By Ben Hirschler
LONDON (Reuters) – GlaxoSmithKline aims to turbo-charge its drug discovery engine with a big bet on genetics as its CEO on Wednesday played down the idea of hiving off consumer healthcare, which is a source of cash generation for such R&D investment.
GSK is buying a $300 million stake in the Silicon Valley gene testing company 23andMe, giving it exclusive access to the Google-backed firm’s vast DNA database.
The move was announced alongside a raised forecast for 2018 profit growth, due to strong sales of new shingles vaccine Shingrix, benefits from taking full ownership of consumer health and delays in U.S. generic versions of its lung drug Advair.
The 23andMe deal won’t yield new products overnight but new R&D head Hal Barron says it will accelerate GSK’s drug development work, which has lagged behind rivals in producing multibillion-dollar blockbuster drugs.
GSK’s pharmaceuticals business – its biggest unit – has seen sluggish growth in recent years and the group reported flat overall revenue in the second quarter, although the result was slightly better than analysts had forecast.
Chief Executive Emma Walmsley said she was “increasingly confident” GSK would deliver mid to high single digit percentage earnings growth out to 2020 and the shares rose around 1.5 percent following the results.
The company also unveiled a new restructuring program to deliver annual cost savings of 400 million pounds ($526 million) by 2021, with proceeds to be reinvested in research and development (R&D).
Walmsley has made her top priority turning around the pharmaceuticals division, which analysts see as a prerequisite for any potential future spin-off of consumer health.
While such a move has been advocated by some investors from time to time, Walmsley told reporters the board still favored the current diversified structure, as long as the pharma, vaccines and consumer divisions continued to perform.
“The whole board’s position remains unchanged,” she said. “We like the structure that we have because of the opportunities it provides in the current healthcare environment, but also because of the continuity of cash flow that it provides.”
The focus on improving pharma performance puts Barron – a veteran of Roche’s successful Genentech unit – at the center of the next chapter in GSK’s story.
Barron said his strategy would center on science related to the immune system and investments in advanced technologies, as well as leveraging genetics.
While 23andMe is best known for saliva-based test kits that offer users a glimpse into their genetic ancestry, it also has a three-year-old drug R&D unit, whose efforts will now dovetail with those of researchers at GSK.
And with more than 5 million customers, 80 percent of whom have opted in to participate in research, it has a trove of information about the links between genes and disease.
“Human genetics is going to represent a core component of our drug discovery strategy, so 23andMe is a terrific partner for us to jump-start our efforts,” said Barron, who joined GSK in January.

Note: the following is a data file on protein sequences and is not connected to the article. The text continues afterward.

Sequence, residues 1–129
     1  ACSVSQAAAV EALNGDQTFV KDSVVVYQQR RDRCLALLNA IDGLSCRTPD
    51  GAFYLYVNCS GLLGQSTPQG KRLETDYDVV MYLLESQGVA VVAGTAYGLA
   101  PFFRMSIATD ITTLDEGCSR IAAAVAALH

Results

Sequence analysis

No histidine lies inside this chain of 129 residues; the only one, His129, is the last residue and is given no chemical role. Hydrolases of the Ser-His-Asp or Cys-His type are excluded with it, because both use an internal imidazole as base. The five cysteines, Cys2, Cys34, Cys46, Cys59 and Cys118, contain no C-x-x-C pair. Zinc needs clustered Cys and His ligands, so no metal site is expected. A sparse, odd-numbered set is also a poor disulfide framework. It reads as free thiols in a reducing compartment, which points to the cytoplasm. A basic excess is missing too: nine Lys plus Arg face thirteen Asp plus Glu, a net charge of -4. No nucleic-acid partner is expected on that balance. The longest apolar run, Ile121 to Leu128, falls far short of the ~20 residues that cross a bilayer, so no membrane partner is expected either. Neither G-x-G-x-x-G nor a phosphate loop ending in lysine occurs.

“By studying genetically validated targets we think we can cut the cost of development in half or, putting it a different way, develop twice as many medicines for the same price.”
The first project under an initial four-year collaboration will focus on an experimental GSK pill for Parkinson’s disease. It is linked to a specific gene mutation and 23andMe has already identified hundreds of its users with the right genetic profile.
The 23andMe transaction marks Barron’s first deal to bolster pharma R&D, and is unlikely to be his last. “We’ll be looking for opportunities moving forward, but we’re going to keep a pretty high bar,” he told Reuters.
The British drugmaker is not alone in tapping modern genetic data. Competitors including Roche and AstraZeneca have already made similar moves.
But by working with 23andMe it can now scan the world’s largest human genetic database with associated health records, according to the privately owned firm’s therapeutics head Richard Scheller, who used to work with Barron at Genentech.
Currencies and pricing pressure in respiratory medicine are both creating headwinds for GSK this year, although Shingrix is enjoying very strong demand, leading GSK to raise 2018 forecasts for the vaccine to 600 million-650 million pounds.
GSK’s overall sales in the quarter were 7.31 billion pounds, producing adjusted earnings per share (EPS) of 28.1 pence. Analysts, on average, had forecast 7.21 billion pounds and 26.1 pence, according to Thomson Reuters data.
For the full year, the company said EPS in constant currencies would grow 4-7 percent if generic copies of Advair hit the U.S market by Oct. 1. Without generics, earnings would be up 7-10 percent.
The timing of generic copies of its blockbuster lung drug arriving in the United States is a big uncertainty in 2018, after copycats failed to launch in 2017 because U.S. regulators knocked back applications.
(Editing by Keith Weir and Elaine Hardcastle)